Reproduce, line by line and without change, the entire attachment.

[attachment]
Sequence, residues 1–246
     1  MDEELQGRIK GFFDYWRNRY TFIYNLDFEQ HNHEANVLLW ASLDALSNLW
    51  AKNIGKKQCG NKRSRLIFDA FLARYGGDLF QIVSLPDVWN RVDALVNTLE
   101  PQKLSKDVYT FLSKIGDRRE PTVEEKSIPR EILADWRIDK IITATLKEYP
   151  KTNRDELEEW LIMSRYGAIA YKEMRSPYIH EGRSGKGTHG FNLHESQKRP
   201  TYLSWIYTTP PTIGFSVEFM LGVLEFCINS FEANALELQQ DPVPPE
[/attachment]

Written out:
Sequence, residues 1–246
     1  MDEELQGRIK GFFDYWRNRY TFIYNLDFEQ HNHEANVLLW ASLDALSNLW
    51  AKNIGKKQCG NKRSRLIFDA FLARYGGDLF QIVSLPDVWN RVDALVNTLE
   101  PQKLSKDVYT FLSKIGDRRE PTVEEKSIPR EILADWRIDK IITATLKEYP
   151  KTNRDELEEW LIMSRYGAIA YKEMRSPYIH EGRSGKGTHG FNLHESQKRP
   201  TYLSWIYTTP PTIGFSVEFM LGVLEFCINS FEANALELQQ DPVPPE